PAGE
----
Officials Announce 2009 Year-End Drunk Driving Crackdown

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TRENTON—Law enforcement agencies throughout the state will conduct saturation patrols and sobriety checkpoints during the upcoming holiday season as part of the “Over the Limit, Under Arrest” year-end, drunk driving crackdown, Division of Highway Traffic Safety Director Pam Fischer announced on Thursday.

Between Dec. 7, 2009 and Jan. 3, 2010, police agencies will participate in the national effort designed to combat drunk driving during one of the busiest and most dangerous travel times of the year.

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As part of the initiative, which has been in place since 1999, the division will provide grants of $5,000 each to 110 law enforcement departments. Middlesex County police departments receiving grants include Carteret, Cranbury, Metuchen, New Brunswick, North Brunswick, Old Bridge, Piscataway, and Plainsboro. Union County police departments receiving grants include Cranford, Elizabeth, Hillside, Linden and Rahway.

However, all local police agencies received information about the program and have been asked to run checkpoints and patrols over the holidays and report their results to the division.  The New Jersey State Police will also participate in the effort.

“We’re hoping to achieve 100 percent participation by police agencies across the state,” Fischer said.  “Last year, 424 police departments participated in the initiative, up from 333 the previous year.  This is a vital law enforcement program that can save lives during a time of the year when impaired driving traditionally increases by nearly 10 percent.”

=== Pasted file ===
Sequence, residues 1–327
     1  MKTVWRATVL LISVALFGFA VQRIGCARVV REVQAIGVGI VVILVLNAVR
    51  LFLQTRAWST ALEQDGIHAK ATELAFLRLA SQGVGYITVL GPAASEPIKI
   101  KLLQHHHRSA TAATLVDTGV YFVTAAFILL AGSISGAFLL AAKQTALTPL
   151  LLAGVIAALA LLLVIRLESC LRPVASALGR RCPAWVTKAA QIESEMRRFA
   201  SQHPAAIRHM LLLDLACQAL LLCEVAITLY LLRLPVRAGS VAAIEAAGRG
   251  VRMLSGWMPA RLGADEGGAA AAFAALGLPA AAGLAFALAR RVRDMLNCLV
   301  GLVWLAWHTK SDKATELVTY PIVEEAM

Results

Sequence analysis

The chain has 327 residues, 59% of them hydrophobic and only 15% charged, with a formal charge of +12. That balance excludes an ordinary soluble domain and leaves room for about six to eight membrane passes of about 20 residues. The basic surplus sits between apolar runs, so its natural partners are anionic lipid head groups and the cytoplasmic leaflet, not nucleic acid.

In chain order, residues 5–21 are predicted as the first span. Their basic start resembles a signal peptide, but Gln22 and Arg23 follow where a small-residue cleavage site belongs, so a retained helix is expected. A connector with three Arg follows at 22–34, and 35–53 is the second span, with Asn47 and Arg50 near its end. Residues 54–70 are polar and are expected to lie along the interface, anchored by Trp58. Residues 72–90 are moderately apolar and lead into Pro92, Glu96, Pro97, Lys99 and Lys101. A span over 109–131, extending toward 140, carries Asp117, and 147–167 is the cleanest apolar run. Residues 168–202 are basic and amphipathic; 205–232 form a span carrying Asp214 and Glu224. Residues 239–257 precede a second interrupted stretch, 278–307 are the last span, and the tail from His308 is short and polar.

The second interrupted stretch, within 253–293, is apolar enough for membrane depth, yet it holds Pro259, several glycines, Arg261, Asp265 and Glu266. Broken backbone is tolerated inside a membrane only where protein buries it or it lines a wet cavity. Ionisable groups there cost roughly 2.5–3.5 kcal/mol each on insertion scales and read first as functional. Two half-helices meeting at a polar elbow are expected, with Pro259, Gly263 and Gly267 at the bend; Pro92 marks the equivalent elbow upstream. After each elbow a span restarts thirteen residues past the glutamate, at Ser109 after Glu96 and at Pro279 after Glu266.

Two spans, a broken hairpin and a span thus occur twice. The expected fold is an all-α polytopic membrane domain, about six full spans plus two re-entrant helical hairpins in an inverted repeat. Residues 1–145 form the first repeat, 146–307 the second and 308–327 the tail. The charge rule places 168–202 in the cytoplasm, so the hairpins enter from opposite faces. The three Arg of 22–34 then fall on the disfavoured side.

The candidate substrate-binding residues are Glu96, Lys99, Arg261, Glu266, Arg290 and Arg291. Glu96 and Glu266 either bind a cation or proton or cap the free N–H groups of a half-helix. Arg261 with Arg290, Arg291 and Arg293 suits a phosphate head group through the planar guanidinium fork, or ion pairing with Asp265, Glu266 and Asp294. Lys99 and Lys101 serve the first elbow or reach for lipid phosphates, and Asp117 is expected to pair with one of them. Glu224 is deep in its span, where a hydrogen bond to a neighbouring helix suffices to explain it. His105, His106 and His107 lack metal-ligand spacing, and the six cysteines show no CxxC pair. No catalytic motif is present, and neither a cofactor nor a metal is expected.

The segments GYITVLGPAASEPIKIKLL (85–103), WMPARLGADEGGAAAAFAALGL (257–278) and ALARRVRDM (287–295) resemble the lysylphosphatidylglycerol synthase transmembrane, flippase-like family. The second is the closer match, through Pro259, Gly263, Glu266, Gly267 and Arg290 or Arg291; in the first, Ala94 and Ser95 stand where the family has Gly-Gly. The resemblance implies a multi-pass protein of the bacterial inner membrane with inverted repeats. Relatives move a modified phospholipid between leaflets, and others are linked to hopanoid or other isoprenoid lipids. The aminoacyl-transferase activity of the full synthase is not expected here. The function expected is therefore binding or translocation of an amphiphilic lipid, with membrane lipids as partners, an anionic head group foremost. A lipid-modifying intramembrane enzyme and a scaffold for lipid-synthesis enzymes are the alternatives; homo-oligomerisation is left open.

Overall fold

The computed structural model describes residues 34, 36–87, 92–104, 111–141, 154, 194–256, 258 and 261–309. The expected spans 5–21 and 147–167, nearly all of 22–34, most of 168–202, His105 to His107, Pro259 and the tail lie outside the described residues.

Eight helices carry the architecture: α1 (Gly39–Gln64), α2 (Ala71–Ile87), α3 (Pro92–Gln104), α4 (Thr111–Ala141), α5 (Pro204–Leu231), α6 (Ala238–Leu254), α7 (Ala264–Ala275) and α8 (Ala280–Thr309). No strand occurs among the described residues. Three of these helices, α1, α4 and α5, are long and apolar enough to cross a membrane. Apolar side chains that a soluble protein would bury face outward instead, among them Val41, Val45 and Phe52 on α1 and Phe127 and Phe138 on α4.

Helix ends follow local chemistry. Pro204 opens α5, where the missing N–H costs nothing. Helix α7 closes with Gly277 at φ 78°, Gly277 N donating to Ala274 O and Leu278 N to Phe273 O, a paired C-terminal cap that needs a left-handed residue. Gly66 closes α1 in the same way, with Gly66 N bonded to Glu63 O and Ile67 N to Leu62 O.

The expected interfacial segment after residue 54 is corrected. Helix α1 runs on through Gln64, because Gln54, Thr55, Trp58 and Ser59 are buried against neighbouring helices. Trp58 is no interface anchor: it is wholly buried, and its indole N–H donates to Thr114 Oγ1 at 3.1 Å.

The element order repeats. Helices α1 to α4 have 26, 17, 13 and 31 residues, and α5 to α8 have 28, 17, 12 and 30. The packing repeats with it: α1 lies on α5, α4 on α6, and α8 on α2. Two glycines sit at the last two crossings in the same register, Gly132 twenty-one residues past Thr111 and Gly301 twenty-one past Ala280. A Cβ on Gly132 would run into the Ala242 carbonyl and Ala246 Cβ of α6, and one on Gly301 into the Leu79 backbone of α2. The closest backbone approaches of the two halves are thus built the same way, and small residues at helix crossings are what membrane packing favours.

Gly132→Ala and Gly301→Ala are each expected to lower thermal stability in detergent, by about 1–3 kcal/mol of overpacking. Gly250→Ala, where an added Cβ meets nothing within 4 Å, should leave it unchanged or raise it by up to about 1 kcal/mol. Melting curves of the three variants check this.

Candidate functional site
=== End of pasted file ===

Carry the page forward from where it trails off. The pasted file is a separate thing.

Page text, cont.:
According to the National Highway Traffic Safety Administration, last year 11,773 individuals across the nation were killed in highway crashes involving drunk driving.  In New Jersey, 165 people were killed as a result of alcohol-related crashes on New Jersey’s highways, representing approximately 28 percent of the 590 traffic fatalities reported in the state.

A 2009 Fairleigh Dickinson University PublicMind Poll on driver behaviors, conducted in partnership with the division, indicated that one in five drivers said they have consumed alcohol and then driven, up six percent from the previous year.  In addition, one in five drivers believe they can have two drinks and safely drive, while one in 10 say they can have three or more drinks and still be okay to get behind the wheel.

“Despite the gains we’ve made in reducing drunk driving related crashes, many individuals still believe that after a few drinks, they’re safe to drive,” Fischer said.  “Even one drink can alter your judgment and reaction time behind the wheel, putting not only yourself, but everyone on the road, in danger.”

The division offers the following advice to ensure a safe and enjoyable holiday season for all New Jerseyans and out-of-state visitors:

• If you’ve consumed alcohol, even just one drink, take mass transit, a taxi or ask a sober friend to drive you home.  Or, spend the night.

• Report impaired drivers to law enforcement.  In New Jersey, drivers may dial #77 to report a drunk or aggressive driver.

• If you’re intoxicated, and traveling on foot, the safest way to get home is to take a cab or have a sober friend or family member escort you safely to your doorstep.

• Always buckle up, every ride, regardless of your seating position in the vehicle.  It’s the best defense against an impaired driver.

Motorists are also asked this holiday season to subscribe to the pledge of the Ensign John R. Elliott HERO Campaign for Designated Drivers: drive sober, be a designated driver and don’t let your friends drive drunk.

Under the effort, local businesses and community groups, law enforcement agencies, and schools work together to keep drunk drivers off the road. Started in New Jersey by the Elliott family following the tragic death of their son John in a head-on collision with a drunk driver, the campaign has become a national model for preventing drunk driving.


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